Selby and Friends

Friday, 24 May 2019 at 8pm

Kathryn Selby (piano), Andrew Haveron (violin), Timo-Veikko Valve ('cello)

" Tight ensemble work and three master musicians at the top of their game..." Steve Moffat Daily Telegraph, May 2018

"The panorama of sounds of this crowning masterpiece soared as this musical ensemble performed one of Beethoven’s best known chamber works." CultureWorks, March 2018


Tickets for this concert can be purchased in advance



BEETHOVEN - Variations (7) on Mozart’s "Bei Männern, welche Liebe fühlen" from The Magic Flute, for 'cello and piano, WoO 46

BEETHOVEN -  Violin sonata no 5 in F major, Op 24, Spring

BEETHOVEN – Concerto for violin, 'cello and piano in C major,  Op 56, Triple (Arranged by Carl Reinecke)


About the Artists

Kathryn Selby is one of Australia’s pre-eminent chamber musicians. Her reputation as both a soloist and ensemble pianist is formidable. In this concert, she is joined by two distinguished musicians:  Sydney Symphony Orchestra  Concertmaster, Andrew Haveron and Australian Chamber Orchestra Principal 'Cello, Timo-Viekko Valve. Together, Selby and Friends have an exciting musical chemistry.

Read more about the artists

Programme Notes

This concert reminds us that there can be great warmth and intimacy in Beethoven's music. It begins with Beethoven's variations on a theme from Mozart's Magic Flute; piano and 'cello sing of love in its many moods - tenderness, exuberance and yearning. Beethoven's violin sonata  Op 24 explores a lyrical world filled with grace, generosity and elegance. While Carl Reinecke's arrangement of Beethoven's orchestral concerto Op 56 reaches deep emotions with its rich musical textures and powerful expression.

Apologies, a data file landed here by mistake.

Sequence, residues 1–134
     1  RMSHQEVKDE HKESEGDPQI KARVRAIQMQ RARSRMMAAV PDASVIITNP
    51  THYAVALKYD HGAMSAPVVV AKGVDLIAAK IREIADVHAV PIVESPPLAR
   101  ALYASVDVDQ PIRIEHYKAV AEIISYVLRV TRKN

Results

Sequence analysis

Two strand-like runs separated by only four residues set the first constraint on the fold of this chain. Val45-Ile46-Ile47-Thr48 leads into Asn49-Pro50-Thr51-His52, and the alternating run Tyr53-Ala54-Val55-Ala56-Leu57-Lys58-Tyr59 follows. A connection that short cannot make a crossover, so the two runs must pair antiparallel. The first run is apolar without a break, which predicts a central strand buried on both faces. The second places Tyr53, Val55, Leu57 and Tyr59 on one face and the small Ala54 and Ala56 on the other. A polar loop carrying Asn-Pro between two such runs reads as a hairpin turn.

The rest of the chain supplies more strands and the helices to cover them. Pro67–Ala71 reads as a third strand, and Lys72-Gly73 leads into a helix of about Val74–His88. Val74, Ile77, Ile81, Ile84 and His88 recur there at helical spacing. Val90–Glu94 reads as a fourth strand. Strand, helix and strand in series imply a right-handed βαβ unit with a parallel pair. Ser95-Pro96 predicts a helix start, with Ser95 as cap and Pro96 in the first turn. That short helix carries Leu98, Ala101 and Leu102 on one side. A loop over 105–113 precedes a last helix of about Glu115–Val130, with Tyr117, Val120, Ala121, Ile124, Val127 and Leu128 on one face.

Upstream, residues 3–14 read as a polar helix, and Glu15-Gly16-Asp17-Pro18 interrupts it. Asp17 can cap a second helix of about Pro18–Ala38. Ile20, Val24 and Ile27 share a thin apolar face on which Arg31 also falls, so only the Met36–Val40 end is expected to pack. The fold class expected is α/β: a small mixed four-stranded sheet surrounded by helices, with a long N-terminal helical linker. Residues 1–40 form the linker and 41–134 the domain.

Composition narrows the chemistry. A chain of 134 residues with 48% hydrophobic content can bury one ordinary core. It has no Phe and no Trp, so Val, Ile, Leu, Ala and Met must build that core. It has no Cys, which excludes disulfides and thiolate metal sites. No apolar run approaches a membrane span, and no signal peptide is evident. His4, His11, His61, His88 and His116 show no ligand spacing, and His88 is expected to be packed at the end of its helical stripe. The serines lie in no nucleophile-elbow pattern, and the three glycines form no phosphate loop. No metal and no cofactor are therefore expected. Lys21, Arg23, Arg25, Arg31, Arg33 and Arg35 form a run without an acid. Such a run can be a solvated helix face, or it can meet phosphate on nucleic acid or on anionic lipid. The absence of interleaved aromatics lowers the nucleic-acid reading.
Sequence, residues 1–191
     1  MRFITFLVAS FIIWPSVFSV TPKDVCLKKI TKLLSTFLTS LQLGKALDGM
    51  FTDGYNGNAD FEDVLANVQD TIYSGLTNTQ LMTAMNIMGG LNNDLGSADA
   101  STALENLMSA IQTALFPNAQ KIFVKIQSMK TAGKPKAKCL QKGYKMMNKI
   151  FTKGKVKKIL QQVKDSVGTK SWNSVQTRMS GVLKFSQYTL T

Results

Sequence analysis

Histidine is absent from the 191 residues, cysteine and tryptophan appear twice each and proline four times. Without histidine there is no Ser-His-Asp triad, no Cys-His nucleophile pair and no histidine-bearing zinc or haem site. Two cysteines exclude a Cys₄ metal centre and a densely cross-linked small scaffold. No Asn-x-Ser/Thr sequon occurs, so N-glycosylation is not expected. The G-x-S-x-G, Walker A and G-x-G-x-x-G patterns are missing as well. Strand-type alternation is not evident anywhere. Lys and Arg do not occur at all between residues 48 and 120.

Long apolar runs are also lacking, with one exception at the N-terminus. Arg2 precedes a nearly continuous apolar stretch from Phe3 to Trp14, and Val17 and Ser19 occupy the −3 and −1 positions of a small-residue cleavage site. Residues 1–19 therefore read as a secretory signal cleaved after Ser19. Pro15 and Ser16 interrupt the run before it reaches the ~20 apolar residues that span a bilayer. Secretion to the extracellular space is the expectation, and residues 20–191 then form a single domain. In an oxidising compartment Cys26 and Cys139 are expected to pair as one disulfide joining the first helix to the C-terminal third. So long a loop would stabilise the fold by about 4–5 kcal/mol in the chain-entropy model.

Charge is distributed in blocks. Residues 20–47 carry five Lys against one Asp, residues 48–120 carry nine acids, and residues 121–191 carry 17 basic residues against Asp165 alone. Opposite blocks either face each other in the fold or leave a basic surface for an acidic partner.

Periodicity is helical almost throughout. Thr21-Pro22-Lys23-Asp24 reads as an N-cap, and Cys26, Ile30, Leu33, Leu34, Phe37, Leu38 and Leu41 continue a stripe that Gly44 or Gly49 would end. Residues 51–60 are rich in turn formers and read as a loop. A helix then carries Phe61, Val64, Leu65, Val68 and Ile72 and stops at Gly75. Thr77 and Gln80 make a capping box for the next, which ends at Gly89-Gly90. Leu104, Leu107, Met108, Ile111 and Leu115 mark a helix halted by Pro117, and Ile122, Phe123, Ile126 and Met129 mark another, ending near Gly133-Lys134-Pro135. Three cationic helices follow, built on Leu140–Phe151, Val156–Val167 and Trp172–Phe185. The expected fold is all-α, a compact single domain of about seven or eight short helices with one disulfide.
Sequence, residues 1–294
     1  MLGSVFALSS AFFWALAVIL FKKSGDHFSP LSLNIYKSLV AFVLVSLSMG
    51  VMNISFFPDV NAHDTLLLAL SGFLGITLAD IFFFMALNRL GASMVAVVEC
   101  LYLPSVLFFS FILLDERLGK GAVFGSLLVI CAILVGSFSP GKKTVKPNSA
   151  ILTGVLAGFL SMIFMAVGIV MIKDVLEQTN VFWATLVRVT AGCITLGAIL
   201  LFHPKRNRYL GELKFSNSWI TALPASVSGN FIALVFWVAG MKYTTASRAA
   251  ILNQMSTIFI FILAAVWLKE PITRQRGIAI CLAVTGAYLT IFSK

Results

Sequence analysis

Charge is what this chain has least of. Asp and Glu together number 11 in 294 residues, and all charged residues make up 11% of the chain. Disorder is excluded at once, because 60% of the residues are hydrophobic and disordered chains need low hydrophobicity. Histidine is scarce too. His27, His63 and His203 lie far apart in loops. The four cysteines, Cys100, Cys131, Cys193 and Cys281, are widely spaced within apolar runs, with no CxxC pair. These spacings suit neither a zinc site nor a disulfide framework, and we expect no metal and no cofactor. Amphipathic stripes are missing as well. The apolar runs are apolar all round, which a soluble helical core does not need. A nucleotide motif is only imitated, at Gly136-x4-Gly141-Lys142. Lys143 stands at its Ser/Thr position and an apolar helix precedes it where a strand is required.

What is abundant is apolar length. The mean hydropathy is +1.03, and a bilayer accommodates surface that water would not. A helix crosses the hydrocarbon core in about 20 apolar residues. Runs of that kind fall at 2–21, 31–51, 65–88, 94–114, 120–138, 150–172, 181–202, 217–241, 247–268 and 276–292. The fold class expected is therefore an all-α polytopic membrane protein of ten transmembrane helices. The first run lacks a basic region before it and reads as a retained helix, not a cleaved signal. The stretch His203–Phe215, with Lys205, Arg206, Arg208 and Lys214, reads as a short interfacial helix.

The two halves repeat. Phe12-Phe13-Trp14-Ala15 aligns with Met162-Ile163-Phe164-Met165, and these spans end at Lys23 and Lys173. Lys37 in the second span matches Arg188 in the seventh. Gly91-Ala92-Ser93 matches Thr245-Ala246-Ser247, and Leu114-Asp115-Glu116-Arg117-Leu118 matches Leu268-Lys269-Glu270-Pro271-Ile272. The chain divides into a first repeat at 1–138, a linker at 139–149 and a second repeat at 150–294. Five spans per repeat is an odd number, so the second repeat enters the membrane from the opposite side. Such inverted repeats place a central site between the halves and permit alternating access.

BEETHOVEN - Variations (7) on Mozart’s "Bei Männern, welche Liebe fühlen" from The Magic Flute, for 'cello and piano, WoO 46

Mozart's opera The Magic Flute, written in 1796, celebrates the uplifting power of love. In an early scene Princess Pamina and the lowly bird catcher Papagano talk of life and love; Papagano wonders if he will ever have a wife, Pamina reassures him that one day he will find love. They then sing the Bei Männern duet praising the power of love between husband and wife, and the universal joy of love; " Love today and love tomorrow keep nature's circle turning true." 

The Magic Flute was Beethoven's favourite opera.  When he wrote his variations on the Bei Männern duet in1801 he was 31 years old and had established himself in Vienna as a successful composer and performer. He was famous, financially well-off and had formed lasting friendships with important musicians and patrons. Like Papageno in the Bei Männern duet, Beethoven longed for a wife; sadly he never married.

In the variations Beethoven has given the role of Pamina to the piano with bright soprano-like embellishments. The 'cello with its earthy masculine voice takes the role of Papagano. Beethoven's treatment  of piano and 'cello as equal voices in this and earlier works  is masterful; it is a partnership that he would go on use with great success in later double sonatas. 

Beethoven begins the work with a graceful unadorned statement of Mozart's original theme. If Mozart's theme is about the ideal of love, then Beethoven's variations are an unfolding revelation of the reality of love in all its complexity.